What is Pemphigus? Simply put, it's an Autoimmune Disease

PEMPHIGUS is a skin disease of dogs and cats that typically begins in early middle age. It causes pustules and crusting on the skin surface. The skin under these crusts is raw and may be painful. The disease often begins on the face, bridge of nose and ears, but often spreads to affect the skin on other parts of the body.

Pemphigus is the general designation for a group of autoimmune skin diseases involving ulceration and crusting of the skin, as well as the formation of fluid-filled sacs and cysts (vesicles), and pus filled lesions (pustules).   Some types of pemphigus can also affect the skin tissue of the gums.


An autoimmune disease is characterized by the presence of autoantibodies that are produced by the system, but which act against the body’s healthy cells and tissues — just as white blood cells act against infection. In effect, the body is attacking itself. The severity of the disease depends on how deeply the autoantibody deposits into the skin layers. The hallmark sign of pemphigus is a condition called ACANTHOLYSIS, where the skin cells separate and break down because of tissue-bound antibody deposits in the space between cells. 

Pemphigus is more often, at least from my experience with Jake and others who have gone through the process, misdiagnosed as a bacterial or fungal infection.  This is especially true if your dog has a history of skin issues (allergies, bacterial, fungal, yeast infections, etc.)  This post will focus on what Pemphigus is, what the symptoms are and what to look for, how to manage and treat and what to expect.  You'll also find photos of Jake's journey with Pemphigus so that you can see what he looked like.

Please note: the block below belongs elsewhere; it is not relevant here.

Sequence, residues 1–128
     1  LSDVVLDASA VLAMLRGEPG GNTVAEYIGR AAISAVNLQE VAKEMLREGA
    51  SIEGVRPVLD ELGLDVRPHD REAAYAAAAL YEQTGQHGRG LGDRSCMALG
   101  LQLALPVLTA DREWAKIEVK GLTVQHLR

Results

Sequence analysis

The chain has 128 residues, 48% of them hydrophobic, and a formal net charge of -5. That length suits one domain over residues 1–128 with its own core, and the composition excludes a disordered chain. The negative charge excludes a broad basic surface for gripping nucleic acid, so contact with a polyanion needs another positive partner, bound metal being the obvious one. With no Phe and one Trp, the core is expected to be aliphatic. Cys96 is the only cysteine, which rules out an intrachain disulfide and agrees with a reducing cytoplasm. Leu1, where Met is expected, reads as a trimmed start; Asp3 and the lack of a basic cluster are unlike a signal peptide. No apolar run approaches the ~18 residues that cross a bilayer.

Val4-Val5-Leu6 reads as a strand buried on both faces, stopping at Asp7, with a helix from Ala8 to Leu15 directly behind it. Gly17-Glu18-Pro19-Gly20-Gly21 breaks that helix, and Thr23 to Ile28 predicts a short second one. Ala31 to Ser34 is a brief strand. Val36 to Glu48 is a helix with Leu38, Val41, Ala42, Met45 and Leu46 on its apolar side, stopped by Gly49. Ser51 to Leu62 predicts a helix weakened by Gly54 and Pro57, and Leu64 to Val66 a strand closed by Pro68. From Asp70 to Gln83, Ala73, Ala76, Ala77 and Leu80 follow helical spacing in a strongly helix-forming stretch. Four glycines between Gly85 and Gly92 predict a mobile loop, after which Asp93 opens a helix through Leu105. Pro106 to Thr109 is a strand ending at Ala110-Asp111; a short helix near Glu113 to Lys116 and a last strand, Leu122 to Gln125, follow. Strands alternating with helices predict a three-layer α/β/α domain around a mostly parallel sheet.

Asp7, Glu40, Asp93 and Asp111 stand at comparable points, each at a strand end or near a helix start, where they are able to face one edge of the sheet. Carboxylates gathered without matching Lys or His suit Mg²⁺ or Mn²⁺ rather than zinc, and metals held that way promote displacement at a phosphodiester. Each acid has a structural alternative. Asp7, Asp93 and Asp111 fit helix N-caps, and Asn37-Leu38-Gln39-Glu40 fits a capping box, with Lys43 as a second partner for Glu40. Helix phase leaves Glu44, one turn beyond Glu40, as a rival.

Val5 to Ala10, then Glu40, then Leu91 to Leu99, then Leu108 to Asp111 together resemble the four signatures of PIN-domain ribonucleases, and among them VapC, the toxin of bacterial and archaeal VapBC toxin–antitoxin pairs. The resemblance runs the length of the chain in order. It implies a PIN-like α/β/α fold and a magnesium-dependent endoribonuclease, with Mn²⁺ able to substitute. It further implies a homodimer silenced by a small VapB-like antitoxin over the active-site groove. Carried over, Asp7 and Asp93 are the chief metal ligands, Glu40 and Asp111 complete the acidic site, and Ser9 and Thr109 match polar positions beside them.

Please comment below with any questions you have or to let us know if this information has helped you.  Pemphigus is very near and dear to our hearts.

 So Why Is Pemphigus So Misdiagnosed?

As you can see from these two photos, there is nothing specific about the disease that would lead anyone initially to think that this is anything more than a skin infection, either bacterial or fungal.  Around April/May 2013, Jake started to present with signs of what looked like a typical skin issue for him.  He was prescribed some antibiotics and a short round of steroids to get it under control.  This protocol worked, until it didn't.  About 21 days later, after showing some signs of improvement, it only grew angrier.  And the typical treatment protocol wasn't working.  Antibiotics will NOT do anything to deter Pemphigus.  Because it is an autoimmune disease, the only protocol that will work is one that utilizes immunosupressant therapy.  

But Wait! There are Some Tell Tale Sings in These Photos.

The bottom photo is the one to pay close attention to.  Why?  Because Pemphigus does in fact have a tell tale sign.  It starts to rear its ugly head along the bridge of the nose, onto the forehead, top of head and the outline of the ear.  A trained professional SHOULD have caught this.  You'll find out the EXACT reason they didn't as you read on.

does my dog have pemphigus, pemphigus foliaceous
Pemphigus Signs, Pemphigus Symptoms, Dog with Pemphigus

There Are Four Types of Pemphigus:

Pemphigus Foliaceus, Pemphigus Erythematosus, Pemphigus Vulgaris, and Pemphigus Vegetans.  This post will focus solely on Pemphigus Foliaceous as this was my experience with the Foo.